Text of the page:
The primer set Bakt 341F/Bakt 805R is known to amplify archaeal sequences together (Klindworth et al., 2013) but only bacterial sequences were obtained (proportion of archaea < 10-4). After discarding unassigned and few archaeal sequences, 36,395 to 53,312 reads were obtained and 239 to 511 OTUs were binned from each sponge sample (Table 2). Like the number of OTUs, the Chao1, Shannon, and Inverse Simpson index all showed high values in the order of 172mur40, 172mur42, 172mur36, and 172mur6. Diversity indices of 172mur40 and 172mur42 were approximately twice higher than those of 172mur6 and 172mur36. The bacterial communities in Callyspongia confoederata sponges are more complex and diverse than those of Callyspongia ramosa sponges.

Richness and diversity estimation of microbial communities in sponge samples
Species name Sample name Read count OTUs Chao1 Shannon Inverse Simpson
Bacterial 16S rRNA gene primer set C. ramosa 172mur6 49,017 239 269 2.19 0.51
172mur36 46,789 281 330 2.42 0.60
C. confoederata 172mur40 36,395 511 534 5.53 0.94
172mur42 53,312 458 486 4.93 0.92
Archaeal 16S rRNA gene primer set C. ramosa 172mur6 63,184 14 14 1.54 0.60
172mur36 67,966 12 12 1.56 0.61
C. confoederata 172mur40 78,267 29 29 1.62 0.59
172mur42 81,349 23 23 1.78 0.63


In the case of the primer set ARC 787F/ARC 1059R, although majority of sequences were archaeal sequences, significant portions of them were identified as bacterial sequences (7.8– 19.9%) including Cyanobacteria and Actinobacteria. After discarding bacterial sequences, 53,542 to 63,248 reads were obtained and 12 to 29 OTUs were binned from each sponge sample (Table 2). Similar to the cases of bacteria, the diversity indices of Callyspongia confoederata (172mur40, 172mur42) sponges showed higher values than those of Callyspongia ramosa (172mur6, 172mur36) sponges. However, since all of the measured values are much lower than those of bacterial cases, the bacterial species diversity is higher than that of the sponge archaea.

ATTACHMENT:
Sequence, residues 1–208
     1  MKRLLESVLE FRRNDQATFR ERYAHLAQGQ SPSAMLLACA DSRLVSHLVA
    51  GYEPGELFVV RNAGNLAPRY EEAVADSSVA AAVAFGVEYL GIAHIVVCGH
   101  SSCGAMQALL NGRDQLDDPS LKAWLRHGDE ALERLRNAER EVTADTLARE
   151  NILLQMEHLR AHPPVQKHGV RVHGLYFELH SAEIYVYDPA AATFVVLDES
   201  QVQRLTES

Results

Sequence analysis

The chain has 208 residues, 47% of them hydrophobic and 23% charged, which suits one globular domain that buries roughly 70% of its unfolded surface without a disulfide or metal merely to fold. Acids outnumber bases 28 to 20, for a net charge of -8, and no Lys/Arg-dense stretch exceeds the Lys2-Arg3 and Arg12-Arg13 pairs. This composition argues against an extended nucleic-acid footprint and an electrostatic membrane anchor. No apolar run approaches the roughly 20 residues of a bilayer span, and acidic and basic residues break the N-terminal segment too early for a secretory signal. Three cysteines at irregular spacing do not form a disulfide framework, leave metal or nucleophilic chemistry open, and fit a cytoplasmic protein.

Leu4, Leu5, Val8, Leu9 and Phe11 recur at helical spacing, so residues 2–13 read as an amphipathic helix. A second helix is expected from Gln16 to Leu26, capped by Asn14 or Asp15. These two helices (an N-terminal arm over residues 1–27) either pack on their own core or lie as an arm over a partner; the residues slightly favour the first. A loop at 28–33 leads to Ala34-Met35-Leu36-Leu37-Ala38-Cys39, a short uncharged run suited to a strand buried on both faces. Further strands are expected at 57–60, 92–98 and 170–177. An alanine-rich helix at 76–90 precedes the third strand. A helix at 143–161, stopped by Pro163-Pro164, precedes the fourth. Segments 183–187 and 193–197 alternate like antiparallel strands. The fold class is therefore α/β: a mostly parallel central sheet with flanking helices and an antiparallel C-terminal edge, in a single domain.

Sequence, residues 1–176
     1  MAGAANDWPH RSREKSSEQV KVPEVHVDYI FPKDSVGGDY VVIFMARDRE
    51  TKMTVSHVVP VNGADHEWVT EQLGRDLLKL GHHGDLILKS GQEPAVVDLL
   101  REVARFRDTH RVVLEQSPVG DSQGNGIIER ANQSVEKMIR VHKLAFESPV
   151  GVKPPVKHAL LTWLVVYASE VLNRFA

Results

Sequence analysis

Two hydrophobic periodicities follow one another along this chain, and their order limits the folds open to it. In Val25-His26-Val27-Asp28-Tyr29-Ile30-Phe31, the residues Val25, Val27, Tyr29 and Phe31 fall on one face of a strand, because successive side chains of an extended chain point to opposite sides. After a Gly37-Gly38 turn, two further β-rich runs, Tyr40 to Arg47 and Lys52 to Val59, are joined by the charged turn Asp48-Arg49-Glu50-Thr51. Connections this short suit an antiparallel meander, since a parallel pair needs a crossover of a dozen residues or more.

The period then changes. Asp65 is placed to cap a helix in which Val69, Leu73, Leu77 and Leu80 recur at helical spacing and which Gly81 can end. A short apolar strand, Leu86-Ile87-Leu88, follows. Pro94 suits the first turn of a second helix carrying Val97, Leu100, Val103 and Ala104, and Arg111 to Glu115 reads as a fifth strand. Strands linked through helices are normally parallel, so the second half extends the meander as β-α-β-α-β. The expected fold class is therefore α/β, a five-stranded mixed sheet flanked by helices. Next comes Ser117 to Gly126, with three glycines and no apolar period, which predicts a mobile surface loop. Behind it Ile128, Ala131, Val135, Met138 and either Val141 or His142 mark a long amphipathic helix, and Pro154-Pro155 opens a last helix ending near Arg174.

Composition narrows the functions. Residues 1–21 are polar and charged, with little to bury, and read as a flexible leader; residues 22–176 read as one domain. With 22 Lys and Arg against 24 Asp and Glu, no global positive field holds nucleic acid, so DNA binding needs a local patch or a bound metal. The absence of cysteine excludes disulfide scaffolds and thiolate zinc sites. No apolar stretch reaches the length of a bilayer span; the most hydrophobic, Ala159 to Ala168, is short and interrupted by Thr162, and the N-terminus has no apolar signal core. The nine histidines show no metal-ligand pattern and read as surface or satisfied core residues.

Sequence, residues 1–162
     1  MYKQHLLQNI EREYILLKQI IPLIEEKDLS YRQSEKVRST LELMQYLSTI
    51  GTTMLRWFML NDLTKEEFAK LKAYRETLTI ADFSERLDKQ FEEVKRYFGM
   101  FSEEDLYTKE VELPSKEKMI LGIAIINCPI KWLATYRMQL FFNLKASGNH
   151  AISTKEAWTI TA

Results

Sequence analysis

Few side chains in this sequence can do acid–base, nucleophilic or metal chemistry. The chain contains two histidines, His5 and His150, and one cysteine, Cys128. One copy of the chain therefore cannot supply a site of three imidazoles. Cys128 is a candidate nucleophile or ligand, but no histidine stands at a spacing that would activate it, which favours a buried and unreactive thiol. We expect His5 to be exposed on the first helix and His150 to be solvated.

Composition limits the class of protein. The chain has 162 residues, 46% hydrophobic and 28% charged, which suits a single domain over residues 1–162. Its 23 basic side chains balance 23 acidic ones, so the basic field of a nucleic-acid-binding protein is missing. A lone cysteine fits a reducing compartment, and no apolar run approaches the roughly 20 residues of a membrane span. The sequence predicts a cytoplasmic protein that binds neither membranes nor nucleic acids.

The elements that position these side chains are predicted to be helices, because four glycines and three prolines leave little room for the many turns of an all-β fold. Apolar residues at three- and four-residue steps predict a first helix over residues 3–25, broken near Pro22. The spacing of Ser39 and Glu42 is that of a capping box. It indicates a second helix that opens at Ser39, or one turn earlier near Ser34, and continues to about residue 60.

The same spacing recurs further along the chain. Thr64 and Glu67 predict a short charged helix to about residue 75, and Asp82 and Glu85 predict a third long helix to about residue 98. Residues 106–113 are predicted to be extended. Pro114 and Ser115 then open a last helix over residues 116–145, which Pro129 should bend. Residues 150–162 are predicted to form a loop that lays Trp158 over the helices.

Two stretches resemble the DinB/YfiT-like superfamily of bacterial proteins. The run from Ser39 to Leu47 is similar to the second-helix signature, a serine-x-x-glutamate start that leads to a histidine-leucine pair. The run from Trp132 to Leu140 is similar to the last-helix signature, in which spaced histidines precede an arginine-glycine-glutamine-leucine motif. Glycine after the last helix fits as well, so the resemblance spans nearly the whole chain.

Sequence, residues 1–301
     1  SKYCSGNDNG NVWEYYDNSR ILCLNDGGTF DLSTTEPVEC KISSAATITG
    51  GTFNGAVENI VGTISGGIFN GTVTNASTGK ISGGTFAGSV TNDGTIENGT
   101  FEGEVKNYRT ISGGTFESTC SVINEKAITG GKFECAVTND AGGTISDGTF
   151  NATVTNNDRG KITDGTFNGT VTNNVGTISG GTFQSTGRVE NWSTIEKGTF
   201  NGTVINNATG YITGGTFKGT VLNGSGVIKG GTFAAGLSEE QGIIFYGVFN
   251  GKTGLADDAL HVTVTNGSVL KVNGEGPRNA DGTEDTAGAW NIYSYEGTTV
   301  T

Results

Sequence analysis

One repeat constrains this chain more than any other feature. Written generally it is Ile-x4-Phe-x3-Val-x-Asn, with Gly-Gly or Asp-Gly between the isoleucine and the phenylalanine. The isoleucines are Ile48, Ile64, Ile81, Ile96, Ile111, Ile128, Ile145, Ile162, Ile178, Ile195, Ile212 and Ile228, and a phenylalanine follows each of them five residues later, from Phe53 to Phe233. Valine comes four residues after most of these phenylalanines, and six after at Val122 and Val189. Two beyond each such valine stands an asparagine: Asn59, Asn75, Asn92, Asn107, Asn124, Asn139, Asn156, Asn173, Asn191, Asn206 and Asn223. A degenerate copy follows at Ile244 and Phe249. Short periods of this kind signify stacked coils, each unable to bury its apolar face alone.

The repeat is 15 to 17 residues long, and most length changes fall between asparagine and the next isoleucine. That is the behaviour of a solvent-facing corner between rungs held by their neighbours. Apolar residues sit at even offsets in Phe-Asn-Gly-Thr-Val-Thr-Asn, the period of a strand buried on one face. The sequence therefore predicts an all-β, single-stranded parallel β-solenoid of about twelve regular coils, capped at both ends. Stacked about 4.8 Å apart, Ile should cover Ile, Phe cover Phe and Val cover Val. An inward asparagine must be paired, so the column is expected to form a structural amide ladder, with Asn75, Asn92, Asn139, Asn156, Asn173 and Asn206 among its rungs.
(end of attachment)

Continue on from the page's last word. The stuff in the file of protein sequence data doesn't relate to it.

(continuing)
Rarefaction curve analysis showed whether the number of reads obtained from NGS was sufficient to identify OTUs and which sponge samples had more diverse microbial communities (Fig. 2). It was found that all curves reached plateaus, so a sufficient number of reads were used for the analysis. It coincided with the order (172mur40, 172mur42, 172mur36, and 172mur6) identified by the diversity indices.

Fig. 2. Rarefaction curves for operational taxonomic units (OTUs) clustering at 97% sequence similarity of 16S rRNA sequences related to (A) bacteria and (B) archaea.

Beta diversity analysis

Principal Coordinates analysis (PCoA) was performed to compare species diversity among sponge samples (Figs. 3 and 4). The distance between samples was calculated using the unweighted and the weighted UniFrac methods. Based on the both bacterial and archaeal diversities, samples were clustered into two groups, C. ramosa (172mur6 and 172mur36) and C. confoederata (172mur40 and 172mur42) as expected in the both UniFrac analyses.

Fig. 3. Beta diversity analysis of bacterial sequences among four sponge samples. Two axes of three-dimensional principal Coordinates Analysis (PCoA) plot showed the beta diversity derived using bacterial 16S rRNA genes. (A) Unweighted UniFrac method, (B) Weighted UniFrac method.

Fig. 4. Beta diversity analysis of bacterial sequences among four sponge samples. Two axes of three-dimensional principal Coordinates Analysis (PCoA) plot showed the beta diversity derived using archaeal 16S rRNA genes. (A) Unweighted UniFrac method, (B) Weighted UniFrac method.